Mention white-tailed deer to a gardener living in deer-browse territory to hear moans, grumbles, and ruminations over how many bucks – in currency form – have been consumed by bucks – the creature form – and their relatives. I’m likely to be one of those grumbling. But as a firm believer in knowing ones enemy, I watched the online video, “The Private Life of Deer,” as presented by the Nature series on PBS. It’s a video worth watching.
If, like me, you live in ideal deer-browse territory – the edge between human-occupied housing and native woodlands – you know that deer browse most actively during dawn and dusk. You know that deer will consume just about any plant material and that deterrents and sprays only work for a while, if at all.
But it’s good to be reminded that deer
- eat 7 pounds of plant material each day,
- can leap fencing up to 8 feet tall from a standing position and clear taller fencing when they have a running start,
- have a life cycle of about 10 years,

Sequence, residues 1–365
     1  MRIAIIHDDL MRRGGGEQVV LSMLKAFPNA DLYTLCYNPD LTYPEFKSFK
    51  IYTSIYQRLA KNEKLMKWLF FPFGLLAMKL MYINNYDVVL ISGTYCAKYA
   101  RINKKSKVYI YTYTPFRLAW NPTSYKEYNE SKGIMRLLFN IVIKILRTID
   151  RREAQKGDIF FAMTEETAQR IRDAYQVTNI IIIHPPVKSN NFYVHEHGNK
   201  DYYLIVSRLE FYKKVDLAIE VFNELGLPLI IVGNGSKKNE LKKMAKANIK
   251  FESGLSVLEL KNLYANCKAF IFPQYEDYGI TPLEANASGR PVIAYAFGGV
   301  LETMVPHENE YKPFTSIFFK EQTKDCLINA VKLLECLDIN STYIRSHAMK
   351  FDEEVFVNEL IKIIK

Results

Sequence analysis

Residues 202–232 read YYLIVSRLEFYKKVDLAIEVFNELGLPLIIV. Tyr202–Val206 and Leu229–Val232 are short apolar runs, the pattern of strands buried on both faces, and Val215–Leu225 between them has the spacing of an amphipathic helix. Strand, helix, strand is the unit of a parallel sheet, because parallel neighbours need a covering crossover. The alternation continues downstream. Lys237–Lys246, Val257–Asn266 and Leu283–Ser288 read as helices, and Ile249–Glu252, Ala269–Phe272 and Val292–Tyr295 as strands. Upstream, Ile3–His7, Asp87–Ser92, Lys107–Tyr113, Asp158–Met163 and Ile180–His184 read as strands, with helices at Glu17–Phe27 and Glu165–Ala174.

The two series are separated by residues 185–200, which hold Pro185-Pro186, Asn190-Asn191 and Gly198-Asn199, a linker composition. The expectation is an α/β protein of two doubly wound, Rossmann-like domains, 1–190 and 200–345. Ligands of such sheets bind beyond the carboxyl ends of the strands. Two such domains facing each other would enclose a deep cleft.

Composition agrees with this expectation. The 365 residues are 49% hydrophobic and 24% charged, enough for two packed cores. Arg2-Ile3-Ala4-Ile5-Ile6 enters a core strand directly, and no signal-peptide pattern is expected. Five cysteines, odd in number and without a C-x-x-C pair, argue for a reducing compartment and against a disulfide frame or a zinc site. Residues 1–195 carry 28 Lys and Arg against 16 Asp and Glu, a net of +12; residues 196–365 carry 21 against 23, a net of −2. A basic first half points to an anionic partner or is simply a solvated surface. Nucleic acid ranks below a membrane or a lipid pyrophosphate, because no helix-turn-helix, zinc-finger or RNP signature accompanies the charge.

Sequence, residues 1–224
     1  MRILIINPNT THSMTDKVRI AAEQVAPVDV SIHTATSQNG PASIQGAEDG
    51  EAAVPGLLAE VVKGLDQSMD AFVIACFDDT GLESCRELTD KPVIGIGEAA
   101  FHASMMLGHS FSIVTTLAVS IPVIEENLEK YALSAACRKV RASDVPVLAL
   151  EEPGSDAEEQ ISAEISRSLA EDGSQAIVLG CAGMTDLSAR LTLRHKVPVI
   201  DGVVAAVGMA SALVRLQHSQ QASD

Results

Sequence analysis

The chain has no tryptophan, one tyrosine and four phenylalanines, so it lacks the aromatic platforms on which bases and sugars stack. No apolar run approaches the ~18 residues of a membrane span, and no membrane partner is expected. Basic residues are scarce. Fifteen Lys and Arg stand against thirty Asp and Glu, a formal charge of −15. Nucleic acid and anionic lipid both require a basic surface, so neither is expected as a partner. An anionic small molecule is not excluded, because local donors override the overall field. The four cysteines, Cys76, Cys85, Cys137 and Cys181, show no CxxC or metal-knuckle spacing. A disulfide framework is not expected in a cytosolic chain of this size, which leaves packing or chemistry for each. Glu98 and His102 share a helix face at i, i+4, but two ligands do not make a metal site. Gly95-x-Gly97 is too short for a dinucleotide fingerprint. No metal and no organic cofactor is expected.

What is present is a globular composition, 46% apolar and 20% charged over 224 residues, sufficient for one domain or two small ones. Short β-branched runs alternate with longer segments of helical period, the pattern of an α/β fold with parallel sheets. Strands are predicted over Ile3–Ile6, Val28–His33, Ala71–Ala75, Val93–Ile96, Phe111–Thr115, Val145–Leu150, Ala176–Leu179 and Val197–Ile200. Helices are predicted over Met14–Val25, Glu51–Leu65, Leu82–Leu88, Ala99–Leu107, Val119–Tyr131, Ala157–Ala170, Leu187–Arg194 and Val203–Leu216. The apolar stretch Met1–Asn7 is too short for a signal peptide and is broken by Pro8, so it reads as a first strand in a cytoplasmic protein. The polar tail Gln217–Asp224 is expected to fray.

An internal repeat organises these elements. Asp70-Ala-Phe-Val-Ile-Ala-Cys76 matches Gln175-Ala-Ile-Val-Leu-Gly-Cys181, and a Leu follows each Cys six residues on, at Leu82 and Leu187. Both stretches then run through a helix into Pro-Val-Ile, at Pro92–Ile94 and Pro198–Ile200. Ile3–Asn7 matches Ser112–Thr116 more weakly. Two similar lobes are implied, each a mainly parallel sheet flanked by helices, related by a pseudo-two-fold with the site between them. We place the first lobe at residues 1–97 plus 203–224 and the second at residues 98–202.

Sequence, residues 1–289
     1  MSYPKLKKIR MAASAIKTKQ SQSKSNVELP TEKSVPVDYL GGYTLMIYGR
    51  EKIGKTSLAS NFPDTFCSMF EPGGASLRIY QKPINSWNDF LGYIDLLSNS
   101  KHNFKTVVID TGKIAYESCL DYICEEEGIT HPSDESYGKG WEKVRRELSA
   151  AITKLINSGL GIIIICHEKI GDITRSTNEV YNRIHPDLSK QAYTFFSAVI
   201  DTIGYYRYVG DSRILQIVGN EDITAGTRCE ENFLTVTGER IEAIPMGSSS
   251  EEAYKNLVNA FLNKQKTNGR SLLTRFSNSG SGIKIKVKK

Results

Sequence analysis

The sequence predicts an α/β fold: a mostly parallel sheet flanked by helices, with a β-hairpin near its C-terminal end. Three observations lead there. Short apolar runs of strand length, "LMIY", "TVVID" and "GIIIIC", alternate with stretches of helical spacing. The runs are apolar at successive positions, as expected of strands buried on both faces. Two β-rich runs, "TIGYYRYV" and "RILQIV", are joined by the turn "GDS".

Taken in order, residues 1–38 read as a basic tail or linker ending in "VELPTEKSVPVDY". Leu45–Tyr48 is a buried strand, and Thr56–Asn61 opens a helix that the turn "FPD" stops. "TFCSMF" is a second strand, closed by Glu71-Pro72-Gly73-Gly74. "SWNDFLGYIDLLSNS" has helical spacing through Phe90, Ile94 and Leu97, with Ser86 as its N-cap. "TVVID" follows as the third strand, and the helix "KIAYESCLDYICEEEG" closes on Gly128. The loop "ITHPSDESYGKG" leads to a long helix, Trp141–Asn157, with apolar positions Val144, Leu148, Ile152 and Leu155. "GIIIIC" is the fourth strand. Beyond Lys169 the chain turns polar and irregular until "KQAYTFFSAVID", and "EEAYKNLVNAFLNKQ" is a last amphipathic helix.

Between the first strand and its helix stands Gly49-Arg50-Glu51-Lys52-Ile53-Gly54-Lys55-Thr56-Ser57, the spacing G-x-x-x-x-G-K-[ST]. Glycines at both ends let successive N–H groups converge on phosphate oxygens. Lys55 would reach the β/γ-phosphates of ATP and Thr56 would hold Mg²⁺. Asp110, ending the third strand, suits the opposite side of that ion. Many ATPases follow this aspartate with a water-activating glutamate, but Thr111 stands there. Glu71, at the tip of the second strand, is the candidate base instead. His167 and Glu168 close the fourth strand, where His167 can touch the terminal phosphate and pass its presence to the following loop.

- and that does can bear young at the tender age of 9 months and often have twins and triplets.
If, like me, you’ve had at least one deer vs. vehicle encounter it’s good to be reminded that
- older, more experienced deer are more acclimated to traffic,
- fawns are more likely to dart into or in front of cars,
- and deer freeze in a caught-in-headlight stance because of their poor eyesight, not because they are giving drivers the proverbial finger.
Their poor eyesight also explains why they just stand and look at me when I’m yelling at them, from my front porch, to shoo. Yet, when I chase toward them, with my arms waving and spewing the language of a drunken sailor, they tend to take me more seriously. It’s all right … my neighbors ignore me, and I don’t spew when my granddaughter is in earshot.
But back to the video. Deer are interesting creatures. The video explains the meaning of a deer’s stance, their amazing sense of smell and hearing, their social and mating rituals, and how poorly those life-size coyote or wolf cutouts work as deer deterrents. You can also check out this infographic for more deer facts.
I’m not one to say, “Aww, isn’t that cute,” when I see a young fawn in my yard and I definitely will not adopt a fawn as a wild pet, as recounted in the video.
But the video did give me improved understanding of deer behavior.
Who knows, improved understanding just might tip the scales more in my favor when it comes to keeping foliage on my plantings, rather than in deer stomachs.